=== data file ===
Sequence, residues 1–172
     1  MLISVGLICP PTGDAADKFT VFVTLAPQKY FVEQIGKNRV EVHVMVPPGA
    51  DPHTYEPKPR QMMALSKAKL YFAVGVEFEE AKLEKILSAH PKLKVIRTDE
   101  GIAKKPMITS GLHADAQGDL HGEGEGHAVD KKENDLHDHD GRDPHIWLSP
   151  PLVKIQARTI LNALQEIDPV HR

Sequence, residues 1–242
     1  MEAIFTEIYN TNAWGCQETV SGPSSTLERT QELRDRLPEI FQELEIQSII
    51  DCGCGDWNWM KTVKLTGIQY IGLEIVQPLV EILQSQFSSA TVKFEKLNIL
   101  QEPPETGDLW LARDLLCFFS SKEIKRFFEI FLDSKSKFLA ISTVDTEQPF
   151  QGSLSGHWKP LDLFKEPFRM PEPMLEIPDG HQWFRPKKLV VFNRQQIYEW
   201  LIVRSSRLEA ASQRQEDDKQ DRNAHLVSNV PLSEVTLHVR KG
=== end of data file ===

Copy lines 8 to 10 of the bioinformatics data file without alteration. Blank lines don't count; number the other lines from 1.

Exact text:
    51  DCGCGDWNWM KTVKLTGIQY IGLEIVQPLV EILQSQFSSA TVKFEKLNIL
   101  QEPPETGDLW LARDLLCFFS SKEIKRFFEI FLDSKSKFLA ISTVDTEQPF
   151  QGSLSGHWKP LDLFKEPFRM PEPMLEIPDG HQWFRPKKLV VFNRQQIYEW